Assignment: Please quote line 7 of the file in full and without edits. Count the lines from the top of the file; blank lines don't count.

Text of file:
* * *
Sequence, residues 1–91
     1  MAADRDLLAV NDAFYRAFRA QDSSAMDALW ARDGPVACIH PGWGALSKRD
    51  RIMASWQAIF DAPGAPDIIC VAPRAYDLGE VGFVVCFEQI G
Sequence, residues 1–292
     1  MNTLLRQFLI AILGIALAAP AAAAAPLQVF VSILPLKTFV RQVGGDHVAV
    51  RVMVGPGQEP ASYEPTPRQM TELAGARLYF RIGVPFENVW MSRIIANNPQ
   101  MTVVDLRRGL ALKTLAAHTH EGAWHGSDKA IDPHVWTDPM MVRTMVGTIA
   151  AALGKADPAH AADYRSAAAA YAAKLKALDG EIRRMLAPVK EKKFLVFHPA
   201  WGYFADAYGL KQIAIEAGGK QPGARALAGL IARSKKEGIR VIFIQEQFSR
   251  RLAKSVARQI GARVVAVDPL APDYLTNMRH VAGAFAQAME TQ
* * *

   101  MTVVDLRRGL ALKTLAAHTH EGAWHGSDKA IDPHVWTDPM MVRTMVGTIA